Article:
It is the only species in the genus Urochroa. Its name means colorful tail and derives from the Greek roots oura = tail and khroa = color. The epithet bougueri was established in honor of the French mathematician, astronomer and hydrographer Pierre Bouguer.


Long-billed hummingbird, subtly curved and black, with a body length of 13 to 14cm and a weight of 8.5 to 9.2g. It has a coppery green back with a rufous chin and malar area. Its throat and breast are iridescent blue, it has a brownish-gray belly, coppery uppers, black underflows, and dull green sides and flanks. Its central and external rectrices are black and the rest white with a dark gray margin.

Similar species

Similar to the Rufous Hummingbird (Boissonneaua jardini), but without rufous on the inside of the wing and without the black margin on the sides of the tail. It can also be confused with the Velvet Hummingbird (Lafresnaya lafresnayi) because of the tail pattern, although this one is much smaller and has green and black underparts.

Regional Differences

Two subspecies are recognized, U. b. bougueri that lives on the Pacific Coast of southwestern Colombia and northwestern Ecuador and U. b. leucura that lacks the rufous line in the malar area and is found on the eastern slope of the Colombian Andes in Nariño, eastern Ecuador and northeastern Peru.


Some authors suggest that the Leucura subspecies deserves recognition as a distinct species. Some authors also suggest that the species of the genera Urochroa, Boissonneaua and Aglaeactis form a monophyletic group based on similarities in plumage coloration and vocalizations.


It is found between 1,500 and 2,800 meters above sea level, along the Pacific slope from the headwaters of the San Juan River on Cerro Tatamá in Colombia to the northeast of Peru, passing through the northwestern and eastern Ecuador.


It is a very common inhabitant in humid and very humid forests, in edges along rivers and streams. It also uses forests in secondary succession and areas with a predominance of shrub vegetation. It most frequently forages in the middle and lower strata of the forest, but it can also be observed in the canopy.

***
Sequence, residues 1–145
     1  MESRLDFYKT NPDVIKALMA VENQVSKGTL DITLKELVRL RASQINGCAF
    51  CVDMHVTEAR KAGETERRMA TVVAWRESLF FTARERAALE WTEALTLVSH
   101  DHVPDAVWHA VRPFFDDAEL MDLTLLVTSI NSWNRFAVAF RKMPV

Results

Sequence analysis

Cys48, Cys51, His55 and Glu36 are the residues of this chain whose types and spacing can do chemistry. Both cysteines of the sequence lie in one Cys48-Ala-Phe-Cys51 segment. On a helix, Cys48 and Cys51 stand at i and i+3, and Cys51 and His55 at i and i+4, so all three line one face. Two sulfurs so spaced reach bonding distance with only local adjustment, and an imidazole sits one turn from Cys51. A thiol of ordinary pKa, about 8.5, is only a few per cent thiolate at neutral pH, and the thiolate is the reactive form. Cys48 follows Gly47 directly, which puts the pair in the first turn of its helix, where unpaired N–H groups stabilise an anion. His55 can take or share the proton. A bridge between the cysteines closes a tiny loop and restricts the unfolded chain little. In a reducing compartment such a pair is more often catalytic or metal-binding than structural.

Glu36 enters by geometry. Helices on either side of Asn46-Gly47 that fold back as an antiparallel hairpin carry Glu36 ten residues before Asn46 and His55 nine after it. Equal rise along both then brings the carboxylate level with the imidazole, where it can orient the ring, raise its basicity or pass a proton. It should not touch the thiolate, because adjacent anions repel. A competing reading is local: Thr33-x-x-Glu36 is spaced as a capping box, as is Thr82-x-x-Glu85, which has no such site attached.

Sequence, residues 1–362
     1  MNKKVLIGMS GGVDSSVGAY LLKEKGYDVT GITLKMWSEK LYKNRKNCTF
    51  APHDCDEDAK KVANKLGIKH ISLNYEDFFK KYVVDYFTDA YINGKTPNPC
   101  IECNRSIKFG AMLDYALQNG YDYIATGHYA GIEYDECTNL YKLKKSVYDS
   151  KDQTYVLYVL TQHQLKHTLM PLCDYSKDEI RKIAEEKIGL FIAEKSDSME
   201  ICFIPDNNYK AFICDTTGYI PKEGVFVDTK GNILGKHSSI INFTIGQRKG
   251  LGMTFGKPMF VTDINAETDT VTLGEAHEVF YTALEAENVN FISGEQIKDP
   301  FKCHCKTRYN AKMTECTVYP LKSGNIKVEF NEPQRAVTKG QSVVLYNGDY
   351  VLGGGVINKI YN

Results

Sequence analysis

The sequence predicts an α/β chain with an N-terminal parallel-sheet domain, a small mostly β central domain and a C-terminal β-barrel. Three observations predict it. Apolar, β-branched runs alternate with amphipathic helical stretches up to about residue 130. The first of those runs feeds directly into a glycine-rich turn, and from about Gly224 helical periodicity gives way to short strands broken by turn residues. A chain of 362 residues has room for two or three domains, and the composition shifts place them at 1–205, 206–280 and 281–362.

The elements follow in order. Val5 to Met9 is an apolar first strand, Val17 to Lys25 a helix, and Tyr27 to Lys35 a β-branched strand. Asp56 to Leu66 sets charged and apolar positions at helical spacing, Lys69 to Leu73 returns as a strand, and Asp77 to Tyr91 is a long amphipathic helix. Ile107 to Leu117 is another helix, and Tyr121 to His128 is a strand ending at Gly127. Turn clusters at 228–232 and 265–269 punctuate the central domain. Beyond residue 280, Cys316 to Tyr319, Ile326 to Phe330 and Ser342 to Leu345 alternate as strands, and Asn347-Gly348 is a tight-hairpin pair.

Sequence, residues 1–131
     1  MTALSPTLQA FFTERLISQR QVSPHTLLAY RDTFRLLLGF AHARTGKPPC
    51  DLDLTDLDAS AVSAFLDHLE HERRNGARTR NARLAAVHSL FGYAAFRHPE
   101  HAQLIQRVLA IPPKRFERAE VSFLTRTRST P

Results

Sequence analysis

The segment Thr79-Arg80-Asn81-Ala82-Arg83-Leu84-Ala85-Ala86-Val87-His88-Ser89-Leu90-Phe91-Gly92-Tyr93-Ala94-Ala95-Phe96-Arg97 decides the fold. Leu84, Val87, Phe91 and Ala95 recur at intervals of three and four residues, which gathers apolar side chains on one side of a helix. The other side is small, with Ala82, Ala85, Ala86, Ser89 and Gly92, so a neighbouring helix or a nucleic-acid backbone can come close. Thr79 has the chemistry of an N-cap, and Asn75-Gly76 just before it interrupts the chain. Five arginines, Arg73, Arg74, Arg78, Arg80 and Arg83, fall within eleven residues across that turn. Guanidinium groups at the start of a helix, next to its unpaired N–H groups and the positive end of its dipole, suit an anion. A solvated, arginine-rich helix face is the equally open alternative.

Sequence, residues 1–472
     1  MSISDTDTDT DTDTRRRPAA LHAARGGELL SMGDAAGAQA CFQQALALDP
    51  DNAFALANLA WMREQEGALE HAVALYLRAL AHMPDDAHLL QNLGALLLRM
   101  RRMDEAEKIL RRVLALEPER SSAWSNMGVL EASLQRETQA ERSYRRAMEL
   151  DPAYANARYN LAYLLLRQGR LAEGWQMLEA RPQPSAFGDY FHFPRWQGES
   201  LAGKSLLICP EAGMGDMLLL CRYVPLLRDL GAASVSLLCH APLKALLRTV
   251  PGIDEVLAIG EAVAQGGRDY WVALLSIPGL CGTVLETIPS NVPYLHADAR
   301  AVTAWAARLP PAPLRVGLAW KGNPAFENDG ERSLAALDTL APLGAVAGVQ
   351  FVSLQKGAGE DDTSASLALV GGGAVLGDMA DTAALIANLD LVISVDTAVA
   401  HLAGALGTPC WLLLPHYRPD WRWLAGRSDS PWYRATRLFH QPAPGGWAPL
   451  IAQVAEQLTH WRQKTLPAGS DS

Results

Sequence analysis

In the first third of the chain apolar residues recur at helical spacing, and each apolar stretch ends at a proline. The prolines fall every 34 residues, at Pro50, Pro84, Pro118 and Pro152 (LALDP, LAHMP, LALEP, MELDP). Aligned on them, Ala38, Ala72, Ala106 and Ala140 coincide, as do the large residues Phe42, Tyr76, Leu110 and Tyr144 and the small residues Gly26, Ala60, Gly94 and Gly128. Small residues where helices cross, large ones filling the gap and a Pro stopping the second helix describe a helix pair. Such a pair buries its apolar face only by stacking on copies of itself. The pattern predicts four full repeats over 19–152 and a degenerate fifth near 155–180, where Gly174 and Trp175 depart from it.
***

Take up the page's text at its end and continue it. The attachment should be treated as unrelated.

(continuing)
It has been recorded feeding on the nectar of flowers of rubiaceae (Palicourea sp.), Ericaceae (Cavendishia sp., Psammisia sp. Killipiella sp.), Bromeliads (Guzmania sp.), Lorantaceae (Psytacanthus sp.), Fabaceae (Inga sp.), gesneriaceae (Columnea sp.), alstromeliaceae (Bomarea sp.) and some melastomataceae. Occasionally it also feeds on insects.


It has been recorded in the reproductive period between December and March in southwestern Colombia, but in the Ñambí river region it has two reproduction peaks in the year, one in April-June and the other in November-December. Build a cup-shaped nest with mosses, lichens, and small roots on vertical branches of large trees, usually 5-12 m above ground level. The clutch size is two eggs that the female incubates for 16-18 days and the chicks last 23-25 ​​days in the nest.


It is a sedentary and territorial hummingbird that moves elevationally at certain times of the year. Males defend foraging territories, but eventually forage alongside other hummingbirds on flowering trees. It is common to observe it on rivers capturing insects while performing acrobatic movements. It frequently feeds on nectar by holding firmly to the flowers with its legs and captures insects in flight or on the surface of branches.

State of conservation

In the international arena it is considered a kind of minor concern.

Vocalization / voice